Non-Separateness and the Present Moment: Two Impossibly Ordinary Ideas

by Nate Cull

The final paragraph reads:

"When we look at both science (especially the science of living systems) and what the mystics, and spirit communicators such as Stephen, say, we can see that some of the deep mysteries of the Christian faith can be simply and literally true. It's not completely within our understanding, but it's not completely outside it either. There seem to be ways in which the human personality can overlap in multiple times and spaces, how groups of people can share a common bond of identity (in the literal, philosophical, 'A is A', sense), and how ultimately, perhaps, 'we are all one in Christ' can be a simple statement of fact. At the moment, we're not quite able to see this in all its glory. But one day we will." 

When studying mystical writings (of which The Stephen Experience is a classic example), the concepts described often seem confusing because they are so far removed from our everyday existence. But are they really?

nonseparatenessNon-separateness and the Present Moment
Two of the stranger typically 'mystical' concepts which come through strongly with Stephen are 'non-separateness' (everyone and everything is to some extent part of, or identifiable with, everything else) and 'the present moment' (trusting that every moment is God's means of provision for us). Both of these concepts seem strange because the basis of our Western thinking is that everything is made of separated objects - that this thing is not that thing, I am not you, a good day is not a bad day - and that making judgements or separations between desired outcomes is what life, religion and science are all about. We believe that we are each masters of our own destiny but that our future could be bad or good, and it is up to us to choose and compete, to force our opposing desires on the world.

AynRandAyn Rand v. the mystical view is usually that of wholeness
In contrast, the mystical view as expressed by communicators like Stephen is that neither of these two concepts are in fact correct, at the most basic level. It is neither true to say that 'I am not you, this is not that', nor is it true to say that 'some moments (or people) are better, or closer to God, than others'. The mystical view is usually that of wholeness: we are all in some respects aspects or children of God, and therefore we share each others' nature - and that nature is fundamentally good and even God-like. And that this applies to the whole of the universe.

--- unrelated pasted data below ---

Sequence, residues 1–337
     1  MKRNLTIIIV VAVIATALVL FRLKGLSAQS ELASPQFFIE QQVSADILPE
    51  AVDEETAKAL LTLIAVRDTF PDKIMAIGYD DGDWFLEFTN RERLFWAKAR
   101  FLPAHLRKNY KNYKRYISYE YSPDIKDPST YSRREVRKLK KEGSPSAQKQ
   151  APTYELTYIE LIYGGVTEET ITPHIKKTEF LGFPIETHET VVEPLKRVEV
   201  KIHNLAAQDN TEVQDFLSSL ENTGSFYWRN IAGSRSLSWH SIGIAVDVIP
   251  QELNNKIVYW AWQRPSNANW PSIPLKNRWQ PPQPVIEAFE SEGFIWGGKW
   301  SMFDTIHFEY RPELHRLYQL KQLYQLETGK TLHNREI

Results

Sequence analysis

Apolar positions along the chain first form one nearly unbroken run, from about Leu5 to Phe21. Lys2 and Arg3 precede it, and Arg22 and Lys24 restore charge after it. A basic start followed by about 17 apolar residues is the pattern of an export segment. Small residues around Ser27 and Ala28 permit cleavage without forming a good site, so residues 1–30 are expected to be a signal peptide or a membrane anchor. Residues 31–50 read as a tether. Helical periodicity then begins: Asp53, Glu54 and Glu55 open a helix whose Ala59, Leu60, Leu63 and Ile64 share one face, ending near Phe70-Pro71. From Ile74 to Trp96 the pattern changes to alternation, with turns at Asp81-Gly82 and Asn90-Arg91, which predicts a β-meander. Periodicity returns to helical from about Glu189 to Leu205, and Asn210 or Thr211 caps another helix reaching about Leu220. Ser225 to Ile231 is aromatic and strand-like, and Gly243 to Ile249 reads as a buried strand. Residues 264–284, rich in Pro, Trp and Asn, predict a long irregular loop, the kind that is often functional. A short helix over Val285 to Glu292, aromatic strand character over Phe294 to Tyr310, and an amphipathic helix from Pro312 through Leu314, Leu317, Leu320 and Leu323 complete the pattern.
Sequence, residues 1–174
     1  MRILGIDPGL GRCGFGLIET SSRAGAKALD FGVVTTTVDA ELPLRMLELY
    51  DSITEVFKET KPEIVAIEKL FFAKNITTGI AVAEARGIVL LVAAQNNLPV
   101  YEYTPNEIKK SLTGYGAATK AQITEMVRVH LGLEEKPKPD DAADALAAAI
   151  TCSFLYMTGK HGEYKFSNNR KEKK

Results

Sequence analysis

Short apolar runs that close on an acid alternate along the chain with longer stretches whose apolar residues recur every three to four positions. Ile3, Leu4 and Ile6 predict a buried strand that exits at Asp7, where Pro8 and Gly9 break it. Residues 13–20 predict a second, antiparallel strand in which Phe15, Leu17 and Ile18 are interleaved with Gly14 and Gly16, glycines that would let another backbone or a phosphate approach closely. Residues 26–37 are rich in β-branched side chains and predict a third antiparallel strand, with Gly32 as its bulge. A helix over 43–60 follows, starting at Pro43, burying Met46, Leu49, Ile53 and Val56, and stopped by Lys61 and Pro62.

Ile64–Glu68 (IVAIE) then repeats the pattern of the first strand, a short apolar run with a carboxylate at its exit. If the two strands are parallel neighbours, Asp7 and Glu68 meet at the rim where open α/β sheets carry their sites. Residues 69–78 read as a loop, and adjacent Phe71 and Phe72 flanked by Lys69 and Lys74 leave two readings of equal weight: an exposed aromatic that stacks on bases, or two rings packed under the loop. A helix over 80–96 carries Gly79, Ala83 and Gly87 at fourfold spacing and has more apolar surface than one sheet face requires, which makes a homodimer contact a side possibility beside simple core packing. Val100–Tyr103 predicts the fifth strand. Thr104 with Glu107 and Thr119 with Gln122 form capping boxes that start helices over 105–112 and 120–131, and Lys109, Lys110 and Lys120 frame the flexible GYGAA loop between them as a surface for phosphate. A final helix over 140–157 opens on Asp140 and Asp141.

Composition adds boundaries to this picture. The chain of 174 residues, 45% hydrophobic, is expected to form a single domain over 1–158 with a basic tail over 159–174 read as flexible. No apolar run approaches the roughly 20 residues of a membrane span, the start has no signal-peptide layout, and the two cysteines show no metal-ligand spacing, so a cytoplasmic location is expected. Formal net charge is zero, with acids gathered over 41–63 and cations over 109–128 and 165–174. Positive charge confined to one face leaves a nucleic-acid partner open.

This sounds ridiculous - even, for a theologian, blasphemous - when we put it like that! If we can't make distinctions and separations between things, how can we judge the true and right from the false and wrong? How do we guide our lives? Surely separation between one thing and outcome and another is a fundamental piece of logic, on the order of 'A is A, and A is not not-A?' - as the Russian-American writer Ayn Rand liked to repeat, and on which she built her advocacy of 'heroic selfishness' and extreme capitalism, which remains hugely influential today? And in theology, doesn't belief in God (at least the monotheistic, Abrahamic God) require belief in a hard separation between Good and Evil, with 'a great gulf fixed' between them?

Actually, no. I think if we look at both (in theology) the teachings of Jesus Christ, and (in science) the structure of living systems, we notice very strongly both these apparently radical and strange ideas - non-separateness and the present moment - appearing as ordinary, common sense in our everyday world. And this observation key to understanding the apparently abstract and strange teachings of the mystics. The mystics are not saying weird and strange things about a distant realm - they are talking very sensibly about the world we live in. It's just that we've made some wrong assumptions a few thousand years back.

The Present Moment in Time

presentmomentLet's look at 'the present moment' first. This termpresentmoment1 is a bit of a shorthand for a simple but fairly radical idea. What we mean by 'living in the present moment' really is this: God is always with us. Wherever we are, whoever we are, at whatever point in our life we are, whatever has happened and in the past or may happen in the future, the full power of the universe is available to us. We are always exactly 'where we are meant to be' no matter what happens to us or what we do to others. There is a grand and good plan to our lives and the universe, and it is unfolding as it should. 'God is in charge'. Our response to this should be peace and calm awareness in all situations, knowing that we are fully loved and trusted.